Isotopes and cultural heritage.
VI - Fisica applicata, acceleratori e beni culturali
Aula 29C-2 - Giovedì 20 h 09:00 - 13:00
» Download abstract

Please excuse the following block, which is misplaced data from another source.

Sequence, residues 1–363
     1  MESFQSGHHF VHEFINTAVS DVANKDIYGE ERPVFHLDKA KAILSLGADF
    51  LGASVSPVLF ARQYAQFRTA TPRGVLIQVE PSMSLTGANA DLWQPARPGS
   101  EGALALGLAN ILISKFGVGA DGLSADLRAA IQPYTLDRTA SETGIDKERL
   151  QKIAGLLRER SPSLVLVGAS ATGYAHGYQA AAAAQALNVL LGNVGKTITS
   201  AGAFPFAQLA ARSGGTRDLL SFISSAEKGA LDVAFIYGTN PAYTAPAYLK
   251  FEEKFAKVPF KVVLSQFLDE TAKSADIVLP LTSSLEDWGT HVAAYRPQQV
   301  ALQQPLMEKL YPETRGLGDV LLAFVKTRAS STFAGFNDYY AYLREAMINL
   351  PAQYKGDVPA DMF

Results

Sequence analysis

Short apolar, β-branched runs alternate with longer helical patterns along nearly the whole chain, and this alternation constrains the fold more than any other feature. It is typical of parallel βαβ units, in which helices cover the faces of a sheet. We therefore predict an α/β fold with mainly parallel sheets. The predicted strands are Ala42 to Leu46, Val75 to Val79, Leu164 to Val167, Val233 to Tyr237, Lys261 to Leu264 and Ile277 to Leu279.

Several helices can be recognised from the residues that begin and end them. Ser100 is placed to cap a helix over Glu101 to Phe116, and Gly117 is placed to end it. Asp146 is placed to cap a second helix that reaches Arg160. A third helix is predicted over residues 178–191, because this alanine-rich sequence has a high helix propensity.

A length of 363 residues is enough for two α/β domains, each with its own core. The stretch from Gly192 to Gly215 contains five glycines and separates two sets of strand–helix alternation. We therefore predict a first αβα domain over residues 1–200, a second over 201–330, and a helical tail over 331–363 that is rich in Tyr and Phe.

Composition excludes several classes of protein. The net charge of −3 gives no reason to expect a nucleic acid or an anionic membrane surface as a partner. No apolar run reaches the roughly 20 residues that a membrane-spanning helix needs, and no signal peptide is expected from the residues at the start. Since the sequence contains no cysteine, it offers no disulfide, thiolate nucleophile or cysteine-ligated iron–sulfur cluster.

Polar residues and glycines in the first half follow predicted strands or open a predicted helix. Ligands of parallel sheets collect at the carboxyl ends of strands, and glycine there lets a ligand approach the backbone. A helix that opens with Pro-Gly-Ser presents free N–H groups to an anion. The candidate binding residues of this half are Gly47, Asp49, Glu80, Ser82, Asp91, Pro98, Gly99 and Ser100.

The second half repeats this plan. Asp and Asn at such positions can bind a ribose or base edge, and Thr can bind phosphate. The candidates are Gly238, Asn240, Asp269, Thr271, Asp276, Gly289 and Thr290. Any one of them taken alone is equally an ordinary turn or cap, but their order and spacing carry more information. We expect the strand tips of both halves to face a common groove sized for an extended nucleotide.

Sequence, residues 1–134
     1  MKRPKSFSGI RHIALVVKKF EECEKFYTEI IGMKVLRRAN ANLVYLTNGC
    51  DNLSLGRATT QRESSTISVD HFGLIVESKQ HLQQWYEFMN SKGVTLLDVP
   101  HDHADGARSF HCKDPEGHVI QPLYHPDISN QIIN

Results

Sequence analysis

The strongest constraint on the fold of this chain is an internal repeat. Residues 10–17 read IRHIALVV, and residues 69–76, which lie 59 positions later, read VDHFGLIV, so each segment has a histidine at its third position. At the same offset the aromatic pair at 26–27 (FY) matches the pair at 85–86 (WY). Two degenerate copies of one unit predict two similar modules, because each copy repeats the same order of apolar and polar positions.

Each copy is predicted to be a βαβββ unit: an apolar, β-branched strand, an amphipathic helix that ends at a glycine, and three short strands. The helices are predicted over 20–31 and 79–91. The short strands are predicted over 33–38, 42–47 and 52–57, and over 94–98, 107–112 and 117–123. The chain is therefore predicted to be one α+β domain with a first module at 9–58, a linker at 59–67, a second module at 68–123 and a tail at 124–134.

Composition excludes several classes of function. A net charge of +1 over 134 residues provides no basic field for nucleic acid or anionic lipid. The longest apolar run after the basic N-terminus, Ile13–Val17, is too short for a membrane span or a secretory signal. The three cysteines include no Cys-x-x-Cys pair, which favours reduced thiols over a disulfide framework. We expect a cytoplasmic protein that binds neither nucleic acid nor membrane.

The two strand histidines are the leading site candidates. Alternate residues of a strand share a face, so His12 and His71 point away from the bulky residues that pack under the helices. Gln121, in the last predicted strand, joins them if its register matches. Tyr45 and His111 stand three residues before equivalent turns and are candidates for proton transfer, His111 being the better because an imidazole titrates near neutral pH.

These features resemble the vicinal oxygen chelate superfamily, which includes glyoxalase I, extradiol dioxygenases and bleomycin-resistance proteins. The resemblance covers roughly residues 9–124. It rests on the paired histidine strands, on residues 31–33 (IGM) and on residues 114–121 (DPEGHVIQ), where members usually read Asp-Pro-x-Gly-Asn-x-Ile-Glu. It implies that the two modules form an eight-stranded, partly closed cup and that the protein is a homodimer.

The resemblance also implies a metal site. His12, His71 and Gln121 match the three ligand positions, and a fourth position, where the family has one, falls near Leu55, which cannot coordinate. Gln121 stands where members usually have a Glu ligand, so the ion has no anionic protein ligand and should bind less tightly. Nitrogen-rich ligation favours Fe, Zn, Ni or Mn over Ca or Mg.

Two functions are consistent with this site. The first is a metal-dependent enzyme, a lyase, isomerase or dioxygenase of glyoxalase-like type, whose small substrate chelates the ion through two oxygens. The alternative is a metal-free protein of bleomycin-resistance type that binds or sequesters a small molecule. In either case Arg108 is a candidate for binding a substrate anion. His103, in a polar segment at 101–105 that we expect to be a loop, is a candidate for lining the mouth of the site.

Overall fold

The conventional (stable) isotope mass spectrometry (IRMS) and the accelerator mass spectrometry (AMS) are a powerful search tool widely used in the field of sciences applied to the diagnostics of cultural heritage. For example, the measurement of the isotopic composition of elements such as Carbon, Oxygen, Nitrogen, Strontium, Sulfur, in the different archaeological materials, such as charcoal, bone, teeth, seeds, organic remains in pottery ceramics, marble, mortar, are a powerful tool to quantify small variations of fluxes of such elements and then get information on still unclear occupation sequences and "mode of life" in archaeological sites. In this paper, a review of use of stable and radioactive isotopic methodology on the cultural heritage will be presented, focusing both on methodological and applicative aspects. Furthermore, some examples of Bayesian statistic applied to the analysis of isotopic measurements will be given.